• If LR+ = 0-1, the presence of the feature decreases the probability of the disease. The smaller the LR+, the more strongly it opposes the diagnosis (10).

Negative Likelihood Ratio (LR-)

LR- describes how the probability of a disease changes when a feature (symptom, sign or test) is absent (10).

      • If LR- > 1, the absence of the feature, increases the probability of the disease. The bigger the LR-, the more strongly it favors the diagnosis.
      • If LR- = 1, the absence of the feature does not change the probability. Therefore, it does not have diagnostic value.
      • If L- = 0-1, the absence of the feature decreases the probability of the disease. The smaller the LR-, the more strongly it opposes the diagnosis (10).

How to combine all?

In the traditional sense, the pretest probability is used to mean the prevalence of a disease before ordering a test (8). Basically, it is another way of saying physicians used to combine symptoms and signs intuitively, based on their experience to reach a pretest probability. However, evidence-based medicine encourages the physicians and the literature to reflect on the practice, break it into pieces and review the individual and collective value of each part. Accordingly, each individual feature from history or examination can be considered “tests.” (8)

You may think reviewing the value of each feature from the history and physical examination is mentally exhausting. Validated clinical prediction rules are here to help! Similar to the traditional sense, but in an evidence-based and standardized way, the validated clinical prediction rules combine some elements to reach a more straightforward calculation of pretest (9).

Overall, interpreting the findings is as important as performing the skill itself. Interpretation requires biostatistical knowledge as much as clinical ability. When applied analytically, history-taking and physical examination can safely accelerate the diagnostic process and limit overtesting (5).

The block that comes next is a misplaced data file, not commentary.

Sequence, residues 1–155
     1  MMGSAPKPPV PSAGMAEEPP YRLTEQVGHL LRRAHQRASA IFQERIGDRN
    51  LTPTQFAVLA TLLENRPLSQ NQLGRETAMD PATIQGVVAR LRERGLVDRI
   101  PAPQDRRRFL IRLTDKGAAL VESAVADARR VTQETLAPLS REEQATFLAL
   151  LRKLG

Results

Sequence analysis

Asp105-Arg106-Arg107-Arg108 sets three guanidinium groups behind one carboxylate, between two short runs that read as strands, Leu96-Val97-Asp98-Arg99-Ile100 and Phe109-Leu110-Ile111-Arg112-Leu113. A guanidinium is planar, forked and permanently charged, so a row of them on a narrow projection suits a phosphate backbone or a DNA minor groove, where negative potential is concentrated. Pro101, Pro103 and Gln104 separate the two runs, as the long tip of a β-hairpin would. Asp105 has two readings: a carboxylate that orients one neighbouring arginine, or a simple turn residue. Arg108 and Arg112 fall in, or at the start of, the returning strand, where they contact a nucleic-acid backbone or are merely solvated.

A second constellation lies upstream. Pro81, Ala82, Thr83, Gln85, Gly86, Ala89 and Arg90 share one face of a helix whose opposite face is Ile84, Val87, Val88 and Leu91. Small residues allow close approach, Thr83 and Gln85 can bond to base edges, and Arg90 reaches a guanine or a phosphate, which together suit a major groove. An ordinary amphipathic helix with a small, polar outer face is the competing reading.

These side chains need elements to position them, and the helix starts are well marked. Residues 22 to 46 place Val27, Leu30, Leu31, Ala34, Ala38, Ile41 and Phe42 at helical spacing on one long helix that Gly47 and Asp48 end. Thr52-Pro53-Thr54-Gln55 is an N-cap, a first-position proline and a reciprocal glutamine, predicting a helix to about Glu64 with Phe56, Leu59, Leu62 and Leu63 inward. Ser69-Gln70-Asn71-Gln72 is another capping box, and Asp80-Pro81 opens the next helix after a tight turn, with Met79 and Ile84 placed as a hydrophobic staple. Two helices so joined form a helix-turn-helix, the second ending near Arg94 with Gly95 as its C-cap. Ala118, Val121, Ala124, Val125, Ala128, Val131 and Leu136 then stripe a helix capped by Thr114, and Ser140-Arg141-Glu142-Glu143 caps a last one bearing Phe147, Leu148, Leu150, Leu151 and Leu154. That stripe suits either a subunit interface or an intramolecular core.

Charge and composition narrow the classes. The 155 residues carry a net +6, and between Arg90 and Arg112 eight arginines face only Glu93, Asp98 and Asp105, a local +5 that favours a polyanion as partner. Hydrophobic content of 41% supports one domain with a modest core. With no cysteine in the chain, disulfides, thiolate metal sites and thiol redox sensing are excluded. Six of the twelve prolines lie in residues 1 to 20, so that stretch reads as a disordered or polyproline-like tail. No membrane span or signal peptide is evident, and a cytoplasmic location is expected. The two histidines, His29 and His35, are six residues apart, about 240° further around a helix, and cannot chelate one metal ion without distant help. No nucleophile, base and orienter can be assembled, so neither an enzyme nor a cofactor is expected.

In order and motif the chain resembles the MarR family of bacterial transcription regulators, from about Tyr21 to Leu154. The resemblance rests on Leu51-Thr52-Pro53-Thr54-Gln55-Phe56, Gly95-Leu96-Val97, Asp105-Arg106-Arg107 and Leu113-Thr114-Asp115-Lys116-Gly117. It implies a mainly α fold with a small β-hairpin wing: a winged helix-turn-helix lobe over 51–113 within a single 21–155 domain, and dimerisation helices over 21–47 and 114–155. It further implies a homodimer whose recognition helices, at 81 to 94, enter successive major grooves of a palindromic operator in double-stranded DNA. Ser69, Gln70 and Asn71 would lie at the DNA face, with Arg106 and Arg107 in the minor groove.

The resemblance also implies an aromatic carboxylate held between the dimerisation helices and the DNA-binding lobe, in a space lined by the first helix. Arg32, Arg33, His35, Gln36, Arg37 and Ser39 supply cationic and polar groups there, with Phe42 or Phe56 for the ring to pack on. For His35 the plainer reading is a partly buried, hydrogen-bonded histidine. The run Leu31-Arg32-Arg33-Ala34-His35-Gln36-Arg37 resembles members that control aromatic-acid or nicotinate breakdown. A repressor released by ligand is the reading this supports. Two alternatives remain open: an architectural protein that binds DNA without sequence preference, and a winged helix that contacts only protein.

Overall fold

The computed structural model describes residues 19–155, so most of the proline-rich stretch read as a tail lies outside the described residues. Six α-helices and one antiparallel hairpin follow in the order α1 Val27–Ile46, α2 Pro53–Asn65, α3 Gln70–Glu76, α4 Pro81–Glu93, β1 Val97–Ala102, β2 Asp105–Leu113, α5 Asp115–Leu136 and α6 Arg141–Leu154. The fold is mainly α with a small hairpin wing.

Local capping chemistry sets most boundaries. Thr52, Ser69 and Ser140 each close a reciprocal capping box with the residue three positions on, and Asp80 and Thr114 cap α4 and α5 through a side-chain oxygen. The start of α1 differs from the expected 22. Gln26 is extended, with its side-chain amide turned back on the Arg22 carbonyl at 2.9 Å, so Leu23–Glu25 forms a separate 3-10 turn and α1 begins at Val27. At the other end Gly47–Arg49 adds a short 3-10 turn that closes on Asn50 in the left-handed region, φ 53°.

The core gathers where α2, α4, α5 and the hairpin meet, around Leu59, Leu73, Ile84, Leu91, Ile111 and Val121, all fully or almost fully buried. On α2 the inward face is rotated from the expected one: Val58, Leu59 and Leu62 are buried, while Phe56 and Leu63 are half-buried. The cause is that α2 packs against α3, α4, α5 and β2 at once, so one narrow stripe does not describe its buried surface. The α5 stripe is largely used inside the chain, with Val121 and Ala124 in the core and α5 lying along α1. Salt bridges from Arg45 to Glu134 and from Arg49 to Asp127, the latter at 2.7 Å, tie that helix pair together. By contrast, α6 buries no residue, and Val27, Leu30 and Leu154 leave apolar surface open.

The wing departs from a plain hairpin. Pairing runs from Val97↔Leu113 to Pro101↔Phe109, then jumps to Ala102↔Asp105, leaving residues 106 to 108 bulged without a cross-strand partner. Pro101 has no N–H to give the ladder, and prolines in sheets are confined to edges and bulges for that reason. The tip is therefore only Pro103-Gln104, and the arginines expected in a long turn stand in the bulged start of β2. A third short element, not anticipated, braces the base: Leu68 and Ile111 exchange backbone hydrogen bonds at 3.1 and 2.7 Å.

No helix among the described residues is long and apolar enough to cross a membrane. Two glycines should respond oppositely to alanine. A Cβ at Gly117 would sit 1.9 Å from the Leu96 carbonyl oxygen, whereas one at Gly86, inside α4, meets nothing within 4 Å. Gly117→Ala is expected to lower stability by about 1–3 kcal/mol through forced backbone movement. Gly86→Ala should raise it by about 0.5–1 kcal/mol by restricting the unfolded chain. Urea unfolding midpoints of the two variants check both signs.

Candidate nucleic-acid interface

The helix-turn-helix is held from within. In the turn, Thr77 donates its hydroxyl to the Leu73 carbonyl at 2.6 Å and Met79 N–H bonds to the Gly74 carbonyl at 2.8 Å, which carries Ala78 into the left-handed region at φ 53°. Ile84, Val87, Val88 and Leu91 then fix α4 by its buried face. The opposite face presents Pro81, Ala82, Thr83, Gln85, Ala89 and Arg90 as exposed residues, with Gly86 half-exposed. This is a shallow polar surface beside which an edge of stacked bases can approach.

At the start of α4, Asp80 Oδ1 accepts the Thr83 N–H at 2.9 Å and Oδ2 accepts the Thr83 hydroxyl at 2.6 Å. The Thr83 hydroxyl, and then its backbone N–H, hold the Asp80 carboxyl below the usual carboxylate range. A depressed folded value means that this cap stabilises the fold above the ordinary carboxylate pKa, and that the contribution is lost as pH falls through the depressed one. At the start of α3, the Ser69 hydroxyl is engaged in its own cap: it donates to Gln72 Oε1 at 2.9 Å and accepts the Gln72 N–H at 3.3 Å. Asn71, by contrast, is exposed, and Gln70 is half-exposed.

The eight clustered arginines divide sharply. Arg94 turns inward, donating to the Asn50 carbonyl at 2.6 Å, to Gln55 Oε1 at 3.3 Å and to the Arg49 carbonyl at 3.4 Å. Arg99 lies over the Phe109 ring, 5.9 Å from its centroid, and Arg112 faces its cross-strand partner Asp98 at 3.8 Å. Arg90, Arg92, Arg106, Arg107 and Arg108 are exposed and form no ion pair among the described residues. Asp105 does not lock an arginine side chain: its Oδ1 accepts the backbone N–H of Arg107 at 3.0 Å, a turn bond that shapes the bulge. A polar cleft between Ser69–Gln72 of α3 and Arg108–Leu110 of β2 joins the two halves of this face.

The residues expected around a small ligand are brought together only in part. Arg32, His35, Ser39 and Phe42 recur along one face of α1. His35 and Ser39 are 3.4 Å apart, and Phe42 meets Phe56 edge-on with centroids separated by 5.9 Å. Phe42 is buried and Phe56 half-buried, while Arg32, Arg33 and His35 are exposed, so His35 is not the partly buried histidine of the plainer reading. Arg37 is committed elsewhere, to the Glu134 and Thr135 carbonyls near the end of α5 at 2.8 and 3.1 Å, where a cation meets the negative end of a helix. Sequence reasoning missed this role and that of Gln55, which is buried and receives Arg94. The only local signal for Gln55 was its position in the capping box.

References and Further Reading

  1. Smith-Bindman, R., Miglioretti, D. L., & Larson, E. B. (2008). Rising use of diagnostic medical imaging in a large integrated health system. Health Affairs, 27(6), 1491-1502.
  2. O’Sullivan, J. W., Stevens, S., Hobbs, F. R., Salisbury, C., Little, P., Goldacre, B., … & Heneghan, C. (2018). Temporal trends in use of tests in UK primary care, 2000-15: retrospective analysis of 250 million tests. British Medical Journal, 363, k4666.
  3.  Bergl, P., Farnan, J. M., & Chan, E. (2015). Moving toward cost-effectiveness in physical examination. The American Journal of Medicine, 128(2), 109-110.
  4. Cook, C. (2010). The lost art of the clinical examination: an overemphasis on clinical special tests. The Journal of Manual & Manipulative Therapy, 18(1), 3.
  5. Greenberg, J., & Green, J. B. (2014). Over-testing: why more is not better. The American Journal of Medicine, 127(5), 362-363.
  6. Chi, J., Artandi, M., Kugler, J., Ozdalga, E., Hosamani, P., Koehler, E., … & Verghese, A. (2016). The five-minute moment. The American Journal of Medicine, 129(8), 792-795.
  7. McGee, S. (2018). Evidence-based Physical Diagnosis (4th Ed., Kindle Ed.). Philadelphia: Elsevier.
  8. Parikh, R., Parikh, S., Arun, E., & Thomas, R. (2009). Likelihood ratios: clinical application in day-to-day practice. Indian Journal of Ophthalmology, 57(3), 217.
  9. Shaneyfelt, T. (2012). Diagnostic Process. [Online Lecture]. Retrieved April 25, 2019 from https://www.youtube.com/watch?v=6qgnrXELoo4.
  10. McGee, S. (2002). Simplifying likelihood ratios. Journal of General Internal Medicine, 17(8), 647-650.